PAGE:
Keeper is a great tool for storing website passwords and financial information. Keeper is considered to be a Software as a Service (SaaS). This means that Keeper is a cloud computing vendor that offers all services from its servers in the cloud. Currently, the product is available on desktop and mobile and supports the Linux, MacOS, Windows and Android operating systems. The price range is based on the needs of the customer and encompasses student, family, personal, business and enterprise necessities.

5.1 Keeper-Pros:

  • Encrypted access.
  • Access and activity tracking.
  • Secure password sharing.
  • Recovery account for emergency access.
  • Main password vaults are not stored locally.
  • Cloud solution.
  • Two factor authentication including Yubikey.

5.2 Keeper-Cons:

  • No reporting.
  • No IP address restricting/whitelisting.
  • Very basic console features.
  • Price: $30 per user per year for basic features.

5.3 Keeper-Screenshots:

Lastpass (06/13)

Lastpass is a user friendly password manger that has free and extremely affordably price options. The company boasts strong encryption algorithms and a password manager that is accessible through all the major browsers, and on apps from all the major app stores.

6.1 Lastpass-Pros:

  • Two factor authentication available.
  • Password sharing.
  • Form filler option.
  • Note storage.
  • All options at a very affordable price. $24/user/year for premium plan while team plan is $29/user/year.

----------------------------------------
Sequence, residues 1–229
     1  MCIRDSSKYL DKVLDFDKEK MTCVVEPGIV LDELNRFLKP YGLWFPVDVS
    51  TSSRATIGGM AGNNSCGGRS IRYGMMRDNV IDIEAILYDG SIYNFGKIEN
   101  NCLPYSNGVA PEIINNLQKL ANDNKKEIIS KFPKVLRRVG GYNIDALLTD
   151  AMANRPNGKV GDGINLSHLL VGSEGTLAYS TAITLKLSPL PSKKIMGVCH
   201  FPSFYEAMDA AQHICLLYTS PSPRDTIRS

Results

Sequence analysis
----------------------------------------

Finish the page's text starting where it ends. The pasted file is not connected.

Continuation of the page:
• 1Gb encrypted file storage.

6.2 Lastpass-Cons:

  • Offline mode: Vulnerable to physical theft as passwords can be stored on devices for access in offline mode. However, this can be turned off in the settings (note 1).
  • Potentially vulnerable to brute force attacks: All data is stored in user browsers which is a vulnerability that can be capitalized on by brute force attacks from hackers.

6.3 Lastpass-Screenshots:

Myki (07/13)

A relatively new password manager with lots of advanced features but some basic vulnerabilities.

7.1 Myki-Pros:

  • Very affordable for teams: $48 per 100 users per year.
  • Provisional accounts.
  • Management and restrictions of access for multiple members at once.
  • Geographical access restrictions: Draw a map to geographically restrict where your team members access their accounts.
  • IP address restricting/whitelisting.
  • Time based access control.
  • Browser Activity Monitoring (BAM) allows real time view of your users’ interaction down to their keystrokes; for detection of malicious activity.
  • Account sharing: allow access to accounts without actually sharing credentials.